Posted: Dec 2, 2010 8:26 PM by Alison Haynes
NEW ORLEANS (AP) - A civil rights organization complained Thursday about discipline practices and a lack of services for children with disabilities in New Orleans public schools that were taken over by the state after Hurricane Katrina.
The Southern Poverty Law Center said only 6.8 percent of students with disabilities graduate in schools run by the Louisiana Recovery School District, the state agency that now runs most New Orleans schools.
As it released a study called "Access Denied," the SPLC also complained about disciplinary practices, saying the Recovery District schools had expulsion rates 100 times the national average in the 2007-08 school year.
Louisiana Superintendent of Education Paul Pastorek countered that the state already has taken steps to address issues in the SPLC's report. He accused the group of trying to influence the state education board's pending decision, expected next week, on whether and when to return the schools to local control.
The SPLC recently settled a lawsuit with the recovery district over the use of handcuffs on a 6-year-old student. The settlement was announced last month and the state agreed to prohibit the use of fixed restraints, limit the use of handcuffs and have security personnel at the schools receive training on the settlement terms.
In its report, released Thursday, the organization said schools fail to compile data on allegations of abusive security practices. But it cited anecdotal evidence of handcuffing, shackling and physical assaults on students.
At a news conference, two students, one 13 and one 14, said they had been handcuffed or struck by security guards for minor offenses at public schools they used to attend. And Kelly Fischer, mother of a blind 8-year-old boy with autism, said the state does little to help her find services for her son.
Fischer said she was having trouble finding a state-supervised charter school that would accept him or that had the staff and materials to work with him. "Where do you get appropriate services in the New Orleans schools system? That's a good question. I can tell you where you don't get them," she said.
The SPLC report comes as state and local education officials debate whether and when the dozens of schools taken over by the state after Katrina should be returned to local control. The Orleans Parish School system retained only a handful of high-performing schools after levee breaks during Katrina flooded the city and shut down the school system.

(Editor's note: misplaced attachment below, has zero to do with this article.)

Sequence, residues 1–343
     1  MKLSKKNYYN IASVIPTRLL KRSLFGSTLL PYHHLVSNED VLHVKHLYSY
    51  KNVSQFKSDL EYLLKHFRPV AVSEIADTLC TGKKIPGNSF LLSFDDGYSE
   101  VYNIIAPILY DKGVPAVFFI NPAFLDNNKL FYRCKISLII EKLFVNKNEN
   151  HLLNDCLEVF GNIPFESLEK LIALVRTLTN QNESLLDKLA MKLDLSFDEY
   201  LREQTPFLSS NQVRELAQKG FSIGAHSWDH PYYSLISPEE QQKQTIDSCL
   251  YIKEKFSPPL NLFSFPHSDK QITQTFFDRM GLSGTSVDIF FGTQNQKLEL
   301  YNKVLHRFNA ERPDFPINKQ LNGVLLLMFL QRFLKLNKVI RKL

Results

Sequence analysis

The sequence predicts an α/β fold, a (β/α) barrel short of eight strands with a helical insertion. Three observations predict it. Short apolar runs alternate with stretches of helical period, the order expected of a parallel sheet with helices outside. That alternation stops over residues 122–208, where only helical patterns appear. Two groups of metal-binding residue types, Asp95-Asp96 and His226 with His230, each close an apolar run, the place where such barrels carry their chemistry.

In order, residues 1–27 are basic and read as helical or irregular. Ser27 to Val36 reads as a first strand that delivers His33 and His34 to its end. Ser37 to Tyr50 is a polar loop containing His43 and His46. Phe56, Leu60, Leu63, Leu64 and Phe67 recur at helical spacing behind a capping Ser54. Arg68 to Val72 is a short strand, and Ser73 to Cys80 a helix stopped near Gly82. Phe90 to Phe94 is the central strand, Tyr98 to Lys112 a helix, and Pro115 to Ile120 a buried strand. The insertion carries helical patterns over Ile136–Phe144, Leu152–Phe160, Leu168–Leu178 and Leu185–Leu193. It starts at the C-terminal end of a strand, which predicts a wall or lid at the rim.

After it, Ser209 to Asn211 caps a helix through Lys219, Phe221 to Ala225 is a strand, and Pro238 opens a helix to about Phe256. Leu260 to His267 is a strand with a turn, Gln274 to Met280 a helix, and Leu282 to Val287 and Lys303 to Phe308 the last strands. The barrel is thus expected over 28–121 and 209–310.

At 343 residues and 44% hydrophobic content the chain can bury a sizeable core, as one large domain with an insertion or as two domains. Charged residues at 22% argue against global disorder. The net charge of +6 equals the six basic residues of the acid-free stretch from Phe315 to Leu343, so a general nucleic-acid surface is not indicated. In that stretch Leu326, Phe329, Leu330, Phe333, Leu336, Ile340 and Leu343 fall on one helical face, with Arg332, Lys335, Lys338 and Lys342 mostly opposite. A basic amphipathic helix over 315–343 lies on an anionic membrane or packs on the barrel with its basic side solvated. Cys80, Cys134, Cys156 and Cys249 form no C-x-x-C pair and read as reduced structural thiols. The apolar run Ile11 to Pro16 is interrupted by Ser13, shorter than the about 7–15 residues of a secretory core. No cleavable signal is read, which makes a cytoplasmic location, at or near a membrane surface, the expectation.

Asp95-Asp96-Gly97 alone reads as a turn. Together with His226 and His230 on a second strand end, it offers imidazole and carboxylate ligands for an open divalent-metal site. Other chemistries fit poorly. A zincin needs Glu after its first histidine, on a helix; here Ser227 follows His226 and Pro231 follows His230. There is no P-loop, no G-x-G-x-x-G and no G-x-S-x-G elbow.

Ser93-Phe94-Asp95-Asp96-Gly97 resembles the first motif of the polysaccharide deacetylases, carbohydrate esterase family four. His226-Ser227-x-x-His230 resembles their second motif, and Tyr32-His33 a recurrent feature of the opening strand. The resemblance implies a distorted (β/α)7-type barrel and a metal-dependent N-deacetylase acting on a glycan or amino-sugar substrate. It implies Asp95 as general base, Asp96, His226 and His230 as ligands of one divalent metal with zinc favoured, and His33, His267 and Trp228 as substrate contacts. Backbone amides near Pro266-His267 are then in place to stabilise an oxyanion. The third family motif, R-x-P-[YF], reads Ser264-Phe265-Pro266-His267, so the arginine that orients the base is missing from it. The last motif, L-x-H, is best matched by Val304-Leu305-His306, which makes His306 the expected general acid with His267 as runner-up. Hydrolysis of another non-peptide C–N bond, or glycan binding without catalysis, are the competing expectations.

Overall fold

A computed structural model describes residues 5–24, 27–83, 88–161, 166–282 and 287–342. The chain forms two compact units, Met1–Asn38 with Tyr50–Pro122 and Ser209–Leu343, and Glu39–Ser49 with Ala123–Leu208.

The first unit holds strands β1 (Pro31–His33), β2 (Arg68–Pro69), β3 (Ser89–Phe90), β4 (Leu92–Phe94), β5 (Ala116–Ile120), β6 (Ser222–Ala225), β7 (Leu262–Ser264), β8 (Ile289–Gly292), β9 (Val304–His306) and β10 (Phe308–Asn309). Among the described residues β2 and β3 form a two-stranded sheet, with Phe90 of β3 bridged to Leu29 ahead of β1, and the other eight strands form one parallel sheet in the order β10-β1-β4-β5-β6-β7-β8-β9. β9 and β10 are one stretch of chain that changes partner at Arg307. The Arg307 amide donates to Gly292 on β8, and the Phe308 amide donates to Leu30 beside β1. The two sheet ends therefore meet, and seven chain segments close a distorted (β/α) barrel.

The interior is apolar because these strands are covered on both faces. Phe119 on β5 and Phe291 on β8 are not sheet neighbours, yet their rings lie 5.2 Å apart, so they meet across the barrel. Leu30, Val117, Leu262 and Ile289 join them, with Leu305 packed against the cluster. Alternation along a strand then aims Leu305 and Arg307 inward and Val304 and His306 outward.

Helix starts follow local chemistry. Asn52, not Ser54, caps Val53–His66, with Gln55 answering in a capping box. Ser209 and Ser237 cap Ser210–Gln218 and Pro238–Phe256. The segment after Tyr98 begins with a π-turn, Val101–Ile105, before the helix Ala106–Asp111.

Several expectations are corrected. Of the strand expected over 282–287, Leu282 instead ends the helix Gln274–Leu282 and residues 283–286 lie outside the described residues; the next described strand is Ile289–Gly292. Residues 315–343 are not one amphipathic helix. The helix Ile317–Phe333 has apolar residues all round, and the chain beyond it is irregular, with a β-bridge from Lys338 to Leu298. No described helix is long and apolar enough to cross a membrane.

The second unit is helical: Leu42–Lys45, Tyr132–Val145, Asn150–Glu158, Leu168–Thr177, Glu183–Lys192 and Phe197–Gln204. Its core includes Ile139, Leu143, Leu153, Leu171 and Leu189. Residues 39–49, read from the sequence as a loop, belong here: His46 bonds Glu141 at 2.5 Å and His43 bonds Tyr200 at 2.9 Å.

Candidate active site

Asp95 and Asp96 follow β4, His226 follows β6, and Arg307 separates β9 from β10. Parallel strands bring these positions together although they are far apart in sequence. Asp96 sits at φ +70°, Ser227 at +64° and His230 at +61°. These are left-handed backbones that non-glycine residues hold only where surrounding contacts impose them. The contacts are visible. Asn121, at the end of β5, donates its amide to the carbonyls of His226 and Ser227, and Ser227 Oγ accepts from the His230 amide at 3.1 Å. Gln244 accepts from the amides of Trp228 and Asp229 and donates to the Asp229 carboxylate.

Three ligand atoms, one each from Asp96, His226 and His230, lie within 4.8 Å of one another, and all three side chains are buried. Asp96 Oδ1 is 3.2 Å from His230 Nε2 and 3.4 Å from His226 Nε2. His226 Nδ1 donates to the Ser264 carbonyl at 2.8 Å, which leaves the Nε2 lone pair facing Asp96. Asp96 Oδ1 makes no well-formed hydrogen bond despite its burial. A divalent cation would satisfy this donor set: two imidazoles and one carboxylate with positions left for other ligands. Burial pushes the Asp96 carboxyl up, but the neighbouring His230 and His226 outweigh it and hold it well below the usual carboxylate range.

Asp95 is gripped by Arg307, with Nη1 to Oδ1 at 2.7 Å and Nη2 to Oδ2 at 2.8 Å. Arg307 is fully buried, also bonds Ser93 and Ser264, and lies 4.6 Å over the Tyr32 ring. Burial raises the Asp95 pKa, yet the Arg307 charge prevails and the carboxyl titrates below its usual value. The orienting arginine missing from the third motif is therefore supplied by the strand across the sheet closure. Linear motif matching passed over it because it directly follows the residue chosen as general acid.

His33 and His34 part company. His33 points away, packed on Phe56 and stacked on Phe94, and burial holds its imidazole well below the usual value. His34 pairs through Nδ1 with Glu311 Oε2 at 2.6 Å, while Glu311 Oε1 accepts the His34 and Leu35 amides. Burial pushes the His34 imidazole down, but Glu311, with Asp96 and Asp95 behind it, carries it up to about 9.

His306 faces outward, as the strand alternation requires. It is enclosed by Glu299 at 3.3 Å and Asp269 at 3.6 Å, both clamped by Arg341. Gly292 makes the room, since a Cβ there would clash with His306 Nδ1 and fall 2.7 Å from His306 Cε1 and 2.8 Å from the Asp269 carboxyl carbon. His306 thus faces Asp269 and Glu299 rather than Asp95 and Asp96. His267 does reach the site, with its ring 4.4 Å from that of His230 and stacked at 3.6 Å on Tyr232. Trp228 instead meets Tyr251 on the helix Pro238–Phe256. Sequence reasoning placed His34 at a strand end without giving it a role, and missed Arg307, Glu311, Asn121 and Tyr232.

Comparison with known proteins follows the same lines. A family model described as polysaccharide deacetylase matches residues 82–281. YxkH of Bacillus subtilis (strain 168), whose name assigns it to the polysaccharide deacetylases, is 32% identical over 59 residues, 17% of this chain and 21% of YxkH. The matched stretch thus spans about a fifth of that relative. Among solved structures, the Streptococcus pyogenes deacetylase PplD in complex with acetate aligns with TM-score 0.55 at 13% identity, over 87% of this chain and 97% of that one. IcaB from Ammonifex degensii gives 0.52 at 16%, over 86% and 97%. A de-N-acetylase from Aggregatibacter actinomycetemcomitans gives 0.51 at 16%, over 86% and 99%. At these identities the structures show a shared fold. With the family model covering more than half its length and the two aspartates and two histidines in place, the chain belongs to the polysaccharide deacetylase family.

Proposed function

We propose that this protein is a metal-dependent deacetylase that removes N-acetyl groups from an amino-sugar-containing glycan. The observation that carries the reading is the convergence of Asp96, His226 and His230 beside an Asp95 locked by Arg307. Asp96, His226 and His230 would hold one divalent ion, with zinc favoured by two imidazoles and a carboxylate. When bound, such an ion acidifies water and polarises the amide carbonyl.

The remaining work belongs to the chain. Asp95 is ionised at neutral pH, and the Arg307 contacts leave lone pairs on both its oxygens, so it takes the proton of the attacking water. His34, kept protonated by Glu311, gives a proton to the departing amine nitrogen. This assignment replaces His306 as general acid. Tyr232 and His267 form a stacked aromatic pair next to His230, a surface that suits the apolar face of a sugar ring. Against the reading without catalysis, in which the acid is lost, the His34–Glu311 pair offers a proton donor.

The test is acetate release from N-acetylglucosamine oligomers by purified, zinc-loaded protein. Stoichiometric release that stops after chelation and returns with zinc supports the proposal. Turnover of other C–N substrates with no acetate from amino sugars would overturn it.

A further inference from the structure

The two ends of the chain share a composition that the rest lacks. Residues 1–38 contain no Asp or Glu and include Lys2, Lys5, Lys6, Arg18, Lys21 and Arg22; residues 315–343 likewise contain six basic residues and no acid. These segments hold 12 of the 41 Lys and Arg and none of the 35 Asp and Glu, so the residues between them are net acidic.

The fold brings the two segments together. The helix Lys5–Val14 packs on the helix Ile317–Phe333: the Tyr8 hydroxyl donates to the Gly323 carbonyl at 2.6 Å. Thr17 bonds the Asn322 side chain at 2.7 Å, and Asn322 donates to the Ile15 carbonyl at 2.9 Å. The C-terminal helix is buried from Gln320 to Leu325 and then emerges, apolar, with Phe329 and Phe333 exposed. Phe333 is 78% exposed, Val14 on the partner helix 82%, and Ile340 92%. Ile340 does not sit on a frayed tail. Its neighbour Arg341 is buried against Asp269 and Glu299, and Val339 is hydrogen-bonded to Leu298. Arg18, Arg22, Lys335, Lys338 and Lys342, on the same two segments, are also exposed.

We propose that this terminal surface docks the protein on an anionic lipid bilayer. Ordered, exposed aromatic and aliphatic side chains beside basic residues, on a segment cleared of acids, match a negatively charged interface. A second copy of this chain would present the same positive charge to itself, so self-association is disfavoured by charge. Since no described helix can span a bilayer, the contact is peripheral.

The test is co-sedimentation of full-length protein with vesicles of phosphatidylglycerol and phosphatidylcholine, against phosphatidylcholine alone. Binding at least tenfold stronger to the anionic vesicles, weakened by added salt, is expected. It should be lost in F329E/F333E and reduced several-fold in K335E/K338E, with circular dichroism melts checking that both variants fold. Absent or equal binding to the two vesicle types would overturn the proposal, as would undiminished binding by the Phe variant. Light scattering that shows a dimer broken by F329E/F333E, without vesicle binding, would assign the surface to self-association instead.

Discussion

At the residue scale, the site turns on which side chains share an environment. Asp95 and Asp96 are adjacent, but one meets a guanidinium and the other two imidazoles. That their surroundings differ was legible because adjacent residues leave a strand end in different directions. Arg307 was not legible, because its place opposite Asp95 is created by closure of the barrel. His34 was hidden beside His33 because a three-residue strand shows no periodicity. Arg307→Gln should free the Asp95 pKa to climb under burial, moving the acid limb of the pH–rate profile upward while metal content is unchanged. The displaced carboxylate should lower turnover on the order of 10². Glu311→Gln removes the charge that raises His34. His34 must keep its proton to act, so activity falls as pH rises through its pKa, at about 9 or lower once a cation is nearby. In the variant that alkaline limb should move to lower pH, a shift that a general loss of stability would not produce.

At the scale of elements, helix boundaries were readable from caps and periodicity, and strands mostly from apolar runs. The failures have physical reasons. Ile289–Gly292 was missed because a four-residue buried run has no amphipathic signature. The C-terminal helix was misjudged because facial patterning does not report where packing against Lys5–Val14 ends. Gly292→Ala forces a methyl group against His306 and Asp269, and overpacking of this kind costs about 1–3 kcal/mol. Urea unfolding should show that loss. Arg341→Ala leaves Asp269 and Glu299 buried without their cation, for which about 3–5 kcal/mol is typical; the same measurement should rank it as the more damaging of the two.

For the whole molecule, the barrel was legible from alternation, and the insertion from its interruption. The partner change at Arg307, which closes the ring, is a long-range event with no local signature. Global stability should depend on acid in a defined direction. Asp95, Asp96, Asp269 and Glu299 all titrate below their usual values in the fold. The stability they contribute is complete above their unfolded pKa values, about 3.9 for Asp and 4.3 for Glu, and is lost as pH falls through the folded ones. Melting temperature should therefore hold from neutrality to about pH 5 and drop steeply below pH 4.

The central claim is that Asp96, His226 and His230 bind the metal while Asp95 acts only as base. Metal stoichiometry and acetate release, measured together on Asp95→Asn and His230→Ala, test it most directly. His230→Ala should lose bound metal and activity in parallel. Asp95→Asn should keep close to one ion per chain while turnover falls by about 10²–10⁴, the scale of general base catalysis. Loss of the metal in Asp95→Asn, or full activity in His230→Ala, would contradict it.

Pastorek has said he doesn't want any schools transferred back to local governance until the 2012-13 school year, and only after they meet certain grading benchmarks. He said about 10 of 68 New Orleans schools run by the state meet the eligibility requirements he outlined.
"It is clear that the Southern Poverty Law Center is attempting to unfairly taint and influence the outcome of this critical decision - and without regard to the facts or our recent attempts to work with them to address these concerns," Pastorek said in a statement released Thursday evening.
Before Katrina, New Orleans schools were beset by discipline problems and poor academic performance and the school system suffered from corruption. Federal officials obtained guilty pleas or convictions in close to 30 cases involving school system employees over the past several years and the former president of the school board was sentenced earlier this year to 18 months in federal prison for her role in a bribery scheme.
Shakti Belway, an SPLC attorney, acknowledged Thursday that problems in the schools existed before the state takeover. But she said the takeover, which led to many schools being turned over to independent charter agencies, is being held up as a model in education reform. She said the accolades should not overshadow problems that remain and that must be addressed by state education officials.
"These issues continue at a rate that is unacceptable," she said.